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Super-Thin Models: Controversy Grows

The Duchess of Windsor once famously said that a woman can't be too rich or too thin.

But, says CBS News correspondent Elizabeth Palmer, not any more — at least if she's a model aspiring to the catwalk in Madrid.

Ultra-thin models, the so-called size zeros, have been banned by organizers of Madrid's Fashion Week. The country's top annual fashion show starts Monday.

But in London, whose Fashion Week also gets under way Monday, organizers are shying away from a ban, arguing that ultra-thin doesn't necessarily mean unhealthy.

"Some people," organizer Philip Greene told Palmer, "want to put on weight, some people want to take off weight; I'd rather look at it (as) people want to be comfortable in what they wear."

A British Cabinet minister had called Saturday for London Fashion Week to follow Madrid's lead.

"The fashion industry's promotion of beauty as meaning stick thin is damaging to young girls' self image and to their health," Culture Secretary Tessa Jowell said in a statement. "Young girls aspire to look like the catwalk models. When those models are unhealthily underweight, it pressurizes girls to starve themselves to look the same."

But the British Fashion Council, which runs Fashion Week, said in a statement that it "does not comment or interfere in the aesthetic of any designer's show."

"The BFC has canceled the photo call on Sunday because it is unwilling to add any more impetus to the publicity surrounding this complicated issue," it added.

Across the U.K., Palmer observes, fashion's starved look is a hot issue.

Critics argue that it's dangerous because fashion models are also role models, especially for teenage girls.

Yet, adds Palmer, even as the fashion ideal is getting thinner, it seems real British women are getting more voluptuous. In the past 50 years, on average, they've added an inch-and-a-half to both bust and hips, and almost six inches to their waists.

In Spain, Fashion Week organizers on Saturday rejected five models for being too thin to appear in this year's event.

The show, known as the Pasarela Cibeles, had decided earlier this month not to allow women below a predetermined body mass index to parade down the catwalk.

Doctors Susana Monereo of Spain's National Endocrinology Society and Basilio Moreno, an obesity consultant at Gregorio Maranon Hospital, were among the specialists called on to medically assess the models.

Five of the 68 models who showed up for appraisal failed the test, the doctors said. The models were over 5 feet 7 inches tall and weighed less than 121.25 pounds, Monereo said.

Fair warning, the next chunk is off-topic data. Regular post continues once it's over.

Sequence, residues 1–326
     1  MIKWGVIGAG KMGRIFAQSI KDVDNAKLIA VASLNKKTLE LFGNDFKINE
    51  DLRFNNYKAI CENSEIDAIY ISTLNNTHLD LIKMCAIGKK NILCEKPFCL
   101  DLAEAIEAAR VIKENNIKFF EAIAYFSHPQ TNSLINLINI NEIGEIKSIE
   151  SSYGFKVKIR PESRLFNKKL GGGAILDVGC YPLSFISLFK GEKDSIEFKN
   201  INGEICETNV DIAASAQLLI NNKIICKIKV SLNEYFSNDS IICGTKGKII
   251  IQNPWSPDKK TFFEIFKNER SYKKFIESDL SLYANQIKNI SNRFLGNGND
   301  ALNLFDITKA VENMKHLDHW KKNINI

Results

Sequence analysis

"They had a body mass index below, well below, that which is considered normal not just by the Spanish endocrinology society, whom we represent, but also by the limits set by the World Health Organization," Monereo said.

Each model was allowed to appear at the examination accompanied by an agent and a representative from the fashion industry.

The show wanted to project an image of beauty, elegance and health, and also banned makeup that makes models appear sickly, organizer Cuca Solana said.

"Clearly we don't want walking skeletons," Solana said.

Some well-known models had not gone to the examination, Solana said, but they were not identified.

Around 300 models originally were expected to apply for inclusion in the prestigious fashion event, but only 68 applied this year.

Solana said the rigorous pre-show test was not necessarily the cause for the downturn. One possibility was that model agencies may have chosen to send more models to other shows.

Last year's show drew protests from medical associations and women's advocacy groups because some of the models were positively bone-thin.

This time, the Madrid regional government decided to pressure organizers to hire fuller-figured women as role models for young girls obsessed with being thin, Concha Guerra, deputy finance minister of the regional administration, said earlier this month.

The body mass index is a calculation doctors normally apply to study obesity. It is calculated by dividing weight in pounds by height in inches squared, and multiplying that total by 703.

If the resulting number is between 18.5 and 24.9, a person's weight is normal. Below 18.5 they are underweight. In the case of the Madrid show, organizers rejected women with an index below 18.

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